THE POLITICS OF POLITICS
*Caption: A board showing pointing to the voting station
Written by: Zama Ngcoya
For some, a ballot is merely a sheet where one composes an “X” next to the face of a political candidate to indicate their preferred leadership, while the ballot box on the other hand simply serves as a sealed container in which they deposit their marked ballot, during the elections. They do not use these complimentary items because they desire to see a transformation of some kind, but rather, they cast their votes because they are following suit.
For others however, marking an “X” on a ballot sheet and casting their vote into the ballot box signifies a greater part of their lives. They do this with the expectations of the worst, but hopes of the best as this action has the potential to influence a greater part of their livelihoods- whether it be for the best, or the worst.
South Africa is well known to many countries around the world for the variety of natural resources which it has to offer. The many historic sites that attract tourists from all corners of the world, the beautiful cities, infrastructure, and its rainbow nation have earned the country much recognition of the years. What also contributes to this country being one that is envied by many, is the constitution that all South Africans fell heir to when it was adopted decades ago, after the apartheid regime was put to bed.
However, although South Africa is known to many for the great which it is has to offer, it has received its fair share of wide spread criticism over the years, with violent protests attributed to poor service delivery being the leader of the pack.
Up until April this year, Municipal I.Q recorded 70 such demonstrations. This specialised local government data and intelligence organisation which collects data on service delivery protests staged against municipalities recorded Gauteng being the leading province by 26%, followed by the Eastern Cape with 24%, KwaZulu- Natal 12%, Western Cape 11%, Mpumalanga 9%, North West 7%, Limpopo 6%, Northern Cape 4% on the scourge of violent protests that have been witnessed taking place in South Africa, sighting that in the first four months of 2016. (Municipal I.Q also noted that the figures identified above are primarily against councillor candidates (a political issue), demarcation (a national decision, like that of Vuwani) and industrial relations are not included on the Municipal Hotspots Monitor).
Although South Africans seem to constantly attract the worldwide spotlight for raising their concerns and dissatisfaction of the services rendered to them, through the use of violent protests, they have also been vocal about their unhappiness with their leadership. Such as that of President Jacob Zuma when National Treasury made court ordered determination that Jacob Zuma must personally pay back the R7.8 million to South Africans after it was established that he unduly benefitted from the non-security upgrades to his homestead in Nkandla.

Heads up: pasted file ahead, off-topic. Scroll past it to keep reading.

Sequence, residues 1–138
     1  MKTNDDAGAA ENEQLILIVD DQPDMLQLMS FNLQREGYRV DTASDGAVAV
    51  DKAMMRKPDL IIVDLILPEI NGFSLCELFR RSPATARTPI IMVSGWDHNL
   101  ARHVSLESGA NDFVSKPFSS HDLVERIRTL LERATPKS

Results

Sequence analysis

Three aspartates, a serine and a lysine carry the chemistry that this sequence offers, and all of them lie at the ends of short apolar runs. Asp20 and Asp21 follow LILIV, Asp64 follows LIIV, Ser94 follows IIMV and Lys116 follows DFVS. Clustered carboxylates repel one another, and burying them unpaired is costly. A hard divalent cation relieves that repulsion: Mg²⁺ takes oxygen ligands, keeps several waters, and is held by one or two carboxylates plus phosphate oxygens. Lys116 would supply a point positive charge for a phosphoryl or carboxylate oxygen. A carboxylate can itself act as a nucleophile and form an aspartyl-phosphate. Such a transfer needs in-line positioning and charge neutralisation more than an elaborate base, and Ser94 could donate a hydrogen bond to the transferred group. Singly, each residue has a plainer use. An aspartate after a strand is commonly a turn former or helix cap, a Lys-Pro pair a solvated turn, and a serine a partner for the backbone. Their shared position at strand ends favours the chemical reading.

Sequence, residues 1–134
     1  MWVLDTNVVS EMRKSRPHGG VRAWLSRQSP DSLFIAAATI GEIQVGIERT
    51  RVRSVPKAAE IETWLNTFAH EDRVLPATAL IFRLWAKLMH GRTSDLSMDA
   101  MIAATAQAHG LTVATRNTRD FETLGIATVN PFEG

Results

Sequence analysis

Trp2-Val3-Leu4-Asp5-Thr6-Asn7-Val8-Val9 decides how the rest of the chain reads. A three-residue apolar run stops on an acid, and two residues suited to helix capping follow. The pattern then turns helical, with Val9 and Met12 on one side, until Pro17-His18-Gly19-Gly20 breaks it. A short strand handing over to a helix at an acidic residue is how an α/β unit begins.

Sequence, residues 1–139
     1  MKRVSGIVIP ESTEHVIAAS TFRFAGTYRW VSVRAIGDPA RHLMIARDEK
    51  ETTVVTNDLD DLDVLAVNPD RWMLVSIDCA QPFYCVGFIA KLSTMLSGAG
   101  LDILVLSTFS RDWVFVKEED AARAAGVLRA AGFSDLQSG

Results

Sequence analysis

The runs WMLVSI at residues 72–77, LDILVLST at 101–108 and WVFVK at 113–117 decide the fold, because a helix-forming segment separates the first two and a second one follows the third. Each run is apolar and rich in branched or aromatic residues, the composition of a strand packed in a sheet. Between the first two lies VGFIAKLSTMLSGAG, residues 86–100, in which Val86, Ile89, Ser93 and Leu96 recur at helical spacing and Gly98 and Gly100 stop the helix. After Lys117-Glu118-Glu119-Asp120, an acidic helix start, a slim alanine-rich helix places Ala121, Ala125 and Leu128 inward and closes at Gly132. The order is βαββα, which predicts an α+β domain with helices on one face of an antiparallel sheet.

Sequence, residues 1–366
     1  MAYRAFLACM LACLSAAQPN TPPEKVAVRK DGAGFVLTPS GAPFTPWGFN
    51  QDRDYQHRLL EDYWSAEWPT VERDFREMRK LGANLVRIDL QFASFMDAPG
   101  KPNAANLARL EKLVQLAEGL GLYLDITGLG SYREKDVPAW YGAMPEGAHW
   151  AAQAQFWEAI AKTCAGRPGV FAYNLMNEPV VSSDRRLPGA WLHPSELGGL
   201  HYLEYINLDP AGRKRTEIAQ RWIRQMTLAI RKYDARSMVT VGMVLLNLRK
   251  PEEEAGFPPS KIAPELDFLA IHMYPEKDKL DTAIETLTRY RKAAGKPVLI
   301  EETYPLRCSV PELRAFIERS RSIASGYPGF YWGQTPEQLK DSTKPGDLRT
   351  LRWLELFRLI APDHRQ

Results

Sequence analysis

With the 2016 South African municipal elections due to be held, political parties have come out in their numbers in campaign, where they encouraged the public to vote for them. These campaigns have seen opposition parties such as the Economic Freedom Fighters (EFF) and Democratic Alliance (DA) promising more employment and better sanitation to the public. However, failure to pay registration fee to participate in this year’s elections has seen political parties such as the troubled National Freedom Party (NFP) being forced to sit this one out.
With many of the campaigns targeted at youth employment, Nonhlanhla Gumede from Lamontville says she is not expecting any changes in the current state of the country.
“I am registered to vote 0n the 23rd but I am not excited as nothing will change. There is too much corruption so even if I vote, I will still be left in poverty, and inequality. People before me have been voting for a better future but nothing has changed for them so my vote won’t make any difference,” said Gumede.
Gumede added that she would like to see a better education system, more employment, better housing, the availability of more services which most black and third class communities lack in and more exposure and better management of funds.
Nosipho Makhanya from Folweni says she will not be casting her vote because she could not register to vote.
“I will not be voting because I could not register. They burnt down all the municipality offices in my neighbourhood. There was a lot of chaos in the area. Schools were closed, and people broke into the surrounding shops,” said Makhanya.
Makhanya admits that not being able to register to vote did not come as a train smash for her as she did not anticipate much improvement in her community anyway.
The elections will be held on the 3rd of August 2016 for all districts and local municipalities in all nine provinces.